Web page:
Administrative agencies exist in defiance of the constitutional separation of powers, improperly consolidating functions that were intended to remain discrete.
It was the baby’s fault that he was nearly burned to death in his own crib. The act of sleeping in a room about to be breached by a SWAT team constituted “criminal” conduct on the part of the infant.
The Gillettes filed their notice of tort claim against Malheur County on Aug. 1, 2012. On Sept. 26, while Sweeny Gillette was in Oklahoma buying cattle, the Malheur County Sheriff’s Office dispatched 17 deputies to raid the Gillette family’s home. A separate raid was carried out against Ric Hoyt’s home.
How much damage can law enforcement do when it has the hammer, and you look like the nail? A lot. Read the second in this two-part series detailing the ordeal of one family who had to move away from their home in order to flee a police-created stigma.
Like too many people in similar circumstances, cattle ranchers Sweeny and Kendra Gillette severely underestimated the perverse ingenuity that police and prosecutors display in finding ways to turn innocent people into criminal suspects.
From the perspective of Patrick J. Lynch, president of New York City’s police union, sycophancy toward the licensed purveyors of violence is a civic obligation, and the public has a duty to sustain the pretense that every single police officer is a divinely commissioned instrument of justice and the distillate of valor.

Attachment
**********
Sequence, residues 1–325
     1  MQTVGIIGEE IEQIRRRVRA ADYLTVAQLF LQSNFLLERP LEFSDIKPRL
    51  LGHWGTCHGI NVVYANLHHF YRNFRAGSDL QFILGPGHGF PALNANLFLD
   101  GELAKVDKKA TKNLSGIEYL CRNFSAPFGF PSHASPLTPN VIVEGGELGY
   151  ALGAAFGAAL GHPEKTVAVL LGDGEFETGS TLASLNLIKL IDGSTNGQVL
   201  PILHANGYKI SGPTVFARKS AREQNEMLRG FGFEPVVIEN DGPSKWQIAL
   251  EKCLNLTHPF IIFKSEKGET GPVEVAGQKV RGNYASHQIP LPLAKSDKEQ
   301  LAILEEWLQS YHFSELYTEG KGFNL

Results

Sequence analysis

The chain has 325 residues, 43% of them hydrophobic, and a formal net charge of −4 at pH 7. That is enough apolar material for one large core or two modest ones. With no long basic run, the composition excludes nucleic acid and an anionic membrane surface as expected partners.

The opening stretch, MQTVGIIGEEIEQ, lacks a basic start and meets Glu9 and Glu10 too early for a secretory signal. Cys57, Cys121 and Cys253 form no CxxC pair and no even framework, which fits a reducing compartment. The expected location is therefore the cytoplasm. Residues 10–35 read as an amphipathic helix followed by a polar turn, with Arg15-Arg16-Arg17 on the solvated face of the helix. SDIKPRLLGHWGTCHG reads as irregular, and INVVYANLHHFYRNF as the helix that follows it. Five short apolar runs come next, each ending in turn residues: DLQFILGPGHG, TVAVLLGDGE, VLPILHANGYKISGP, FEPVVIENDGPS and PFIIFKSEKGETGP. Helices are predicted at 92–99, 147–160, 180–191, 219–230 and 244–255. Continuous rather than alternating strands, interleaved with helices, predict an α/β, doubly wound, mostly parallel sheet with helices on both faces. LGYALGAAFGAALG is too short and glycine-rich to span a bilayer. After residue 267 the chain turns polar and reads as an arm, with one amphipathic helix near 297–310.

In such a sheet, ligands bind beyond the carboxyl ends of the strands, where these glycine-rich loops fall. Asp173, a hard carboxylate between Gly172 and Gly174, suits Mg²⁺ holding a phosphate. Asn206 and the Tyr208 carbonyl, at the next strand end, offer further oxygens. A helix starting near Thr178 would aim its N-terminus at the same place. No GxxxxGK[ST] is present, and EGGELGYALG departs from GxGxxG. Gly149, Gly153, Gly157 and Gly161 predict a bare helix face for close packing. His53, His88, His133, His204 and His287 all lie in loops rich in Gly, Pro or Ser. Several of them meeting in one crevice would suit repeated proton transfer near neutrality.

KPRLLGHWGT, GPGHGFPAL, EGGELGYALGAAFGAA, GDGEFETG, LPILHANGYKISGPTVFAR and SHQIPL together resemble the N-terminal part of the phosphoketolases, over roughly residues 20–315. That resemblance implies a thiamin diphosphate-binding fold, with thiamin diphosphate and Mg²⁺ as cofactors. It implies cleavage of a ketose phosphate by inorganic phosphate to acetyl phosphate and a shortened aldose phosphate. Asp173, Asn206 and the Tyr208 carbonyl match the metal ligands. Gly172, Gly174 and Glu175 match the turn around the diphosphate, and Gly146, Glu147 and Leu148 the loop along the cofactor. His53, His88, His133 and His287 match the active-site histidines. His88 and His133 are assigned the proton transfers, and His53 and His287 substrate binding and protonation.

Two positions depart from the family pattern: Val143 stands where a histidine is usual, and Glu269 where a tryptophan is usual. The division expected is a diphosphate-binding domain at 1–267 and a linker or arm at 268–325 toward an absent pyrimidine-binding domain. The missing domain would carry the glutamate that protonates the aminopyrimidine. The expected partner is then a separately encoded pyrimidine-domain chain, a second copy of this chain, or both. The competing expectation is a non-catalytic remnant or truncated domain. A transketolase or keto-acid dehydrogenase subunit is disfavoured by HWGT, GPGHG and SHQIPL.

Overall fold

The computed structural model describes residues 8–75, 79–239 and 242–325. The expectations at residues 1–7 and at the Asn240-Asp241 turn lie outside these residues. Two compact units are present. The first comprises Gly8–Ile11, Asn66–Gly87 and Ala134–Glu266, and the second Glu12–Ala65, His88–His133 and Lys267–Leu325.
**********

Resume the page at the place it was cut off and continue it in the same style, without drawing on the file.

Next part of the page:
Police officers enjoy broad discretion regarding the use of deadly force, as long as they can contrive some way to describe their decisions as the course of action a “reasonable officer” would follow in the circumstances as he perceived them.
To celebrate what used to be called Independence Day, police in Oregon have announced a “no refusal” initiative for the Fourth of July weekend. Motorists who refuse to “volunteer” for a Breathalyzer test will be subjected to an immediate involuntary blood test.
The presence of a single, nonviolent citizen openly carrying a firearm is sufficient to cause panic in people habituated to the evil idea that only state functionaries should be armed.
The conflict between the Bureau of Land Management and Nevada rancher Cliven Bundy has laid bare evidence of deeply entrenched institutional racism. The BLM is an enforcement arm of a regime that continues to treat American Indians as “heathens” and “savages.”
Like the Cliven Bundy family, their distant Nevada neighbors, the Dann family, spent two decades fighting in Federal courts to defend their property against the depredations of the Federal government.